Hospital Ships Immigrant Stroke Victim Back to Poland


In a statement released Wednesday night, Haigney said, "Our patient received advanced care at Robert Wood Johnson University Hospital's Comprehensive Stroke Center for a total of 51 days, and was transferred under clinical supervision via a commercial business class flight into the care of qualified emergency medical technicians who accompanied the patient to the hospital.

"The Hospital has completed its initial review of this patient's transfer and is currently working with the Polish consulate to ensure the patient's needs continue to be met," the hospital said.

Despite the disappearance of their friend, Jedra and his daughter Jennifer told that they both thank Robert Wood Johnson University hospital for the help it provided Haniszewski, who previous to his recent admission had had surgery at the hospital to remove two toes.

While investigating Haniszewski's medical repatriation, Junczyk-Ziomecka's office spoke with a representative from an escort medical flight company, who told her that the company was hired by the hospital to transport Haniszewski to Poland.

The representative told Junczyk-Ziomecki that Haniszewski was unable to communicate effectively while being transported, Junczyk-Ziomecki told ABC News.

"I'm very upset," Junczyk-Ziomecki said. "Imagine if you didn't know what was going on, and not the family, or the diplomatic post, is making the decision about what happens to you, but the hospital?"

The hospital's decision to ship Haniszewski abroad, rather than continue to treat him, could be part of what Seton Hall Law School professor Lori Ann Nessel says is an increasingly common situation. Undocumented and uninsured residents are placing a financial strain on hospitals, who are in turn hiring private companies to deport on their own, circumventing the government.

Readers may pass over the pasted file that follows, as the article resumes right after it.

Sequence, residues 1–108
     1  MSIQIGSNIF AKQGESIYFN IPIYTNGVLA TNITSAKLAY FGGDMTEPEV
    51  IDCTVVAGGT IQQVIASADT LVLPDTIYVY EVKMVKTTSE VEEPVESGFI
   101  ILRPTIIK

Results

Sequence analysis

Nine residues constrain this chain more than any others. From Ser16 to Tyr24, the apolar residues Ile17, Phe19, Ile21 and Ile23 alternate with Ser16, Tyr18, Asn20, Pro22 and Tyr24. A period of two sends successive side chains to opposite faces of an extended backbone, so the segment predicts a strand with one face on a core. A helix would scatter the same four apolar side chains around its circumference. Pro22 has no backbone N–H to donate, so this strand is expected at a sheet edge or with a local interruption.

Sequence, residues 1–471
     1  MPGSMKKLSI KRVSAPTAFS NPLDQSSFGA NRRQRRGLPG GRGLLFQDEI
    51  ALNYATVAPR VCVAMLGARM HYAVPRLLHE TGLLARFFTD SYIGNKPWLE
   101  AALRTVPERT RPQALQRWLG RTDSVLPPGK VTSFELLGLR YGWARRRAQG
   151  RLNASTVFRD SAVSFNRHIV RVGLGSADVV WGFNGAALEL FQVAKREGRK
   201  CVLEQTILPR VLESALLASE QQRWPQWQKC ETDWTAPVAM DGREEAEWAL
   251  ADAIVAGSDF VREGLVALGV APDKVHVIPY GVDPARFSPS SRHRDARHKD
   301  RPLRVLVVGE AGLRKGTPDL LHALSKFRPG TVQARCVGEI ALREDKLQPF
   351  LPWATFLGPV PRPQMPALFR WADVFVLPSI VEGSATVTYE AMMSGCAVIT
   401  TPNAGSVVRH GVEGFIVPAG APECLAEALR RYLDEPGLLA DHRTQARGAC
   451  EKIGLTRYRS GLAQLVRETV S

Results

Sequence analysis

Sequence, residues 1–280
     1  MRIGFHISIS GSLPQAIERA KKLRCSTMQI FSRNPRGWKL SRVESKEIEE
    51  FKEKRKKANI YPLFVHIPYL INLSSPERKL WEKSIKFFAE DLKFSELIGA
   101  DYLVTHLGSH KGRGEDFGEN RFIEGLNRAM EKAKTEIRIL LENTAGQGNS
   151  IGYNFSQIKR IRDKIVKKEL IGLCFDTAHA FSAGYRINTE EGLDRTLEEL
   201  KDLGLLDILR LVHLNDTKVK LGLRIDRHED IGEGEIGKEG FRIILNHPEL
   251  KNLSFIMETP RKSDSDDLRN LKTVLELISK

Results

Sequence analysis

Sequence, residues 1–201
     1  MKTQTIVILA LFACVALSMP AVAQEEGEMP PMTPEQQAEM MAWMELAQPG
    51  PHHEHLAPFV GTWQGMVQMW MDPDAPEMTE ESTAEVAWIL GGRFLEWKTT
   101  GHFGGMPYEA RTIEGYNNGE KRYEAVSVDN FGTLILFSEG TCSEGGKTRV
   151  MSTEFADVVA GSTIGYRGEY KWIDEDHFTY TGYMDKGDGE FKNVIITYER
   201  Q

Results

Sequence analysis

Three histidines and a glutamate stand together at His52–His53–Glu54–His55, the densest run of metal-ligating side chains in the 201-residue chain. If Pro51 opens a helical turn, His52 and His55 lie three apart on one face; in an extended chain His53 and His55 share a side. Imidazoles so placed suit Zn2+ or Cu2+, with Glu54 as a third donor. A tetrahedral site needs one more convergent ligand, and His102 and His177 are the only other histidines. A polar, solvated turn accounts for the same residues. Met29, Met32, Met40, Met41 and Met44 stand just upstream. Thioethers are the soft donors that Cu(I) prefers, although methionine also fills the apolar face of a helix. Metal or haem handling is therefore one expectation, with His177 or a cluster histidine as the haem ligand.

"Inherently, medical repatriation occurs in a vulnerable population, at their most vulnerable moment. It's very difficult for a person, or family members, to find out their legal rights," she said.

Another issue: the danger of transporting a patient across borders and overseas while they're in a medically vulnerable state.

"They're inherently dangerous," Nessel said. "Even though it's no longer an emergency treatment … we've documented instances where people have died, or been left in really deteriorated physical health, where it's unsafe to travel."

Nessel, who is also the director for Seton Hall's Center for Social Justice, said that a big issue in Haniszewski's case, and in many others, is the ability to consent.

"Even if he's not comatose, he's not in shape that he can give any informed consent," she said. "It's outrageous that a hospital is comfortable saying … that they were telling him what they were going to do. The cases are really alarming because they do happen with increasing frequency.

"There isn't sufficient government oversight," she said. "It's too easy for hospitals to pay a private company to get this person off their hands. This should never be done without the government getting involved, without regulations and protocols."

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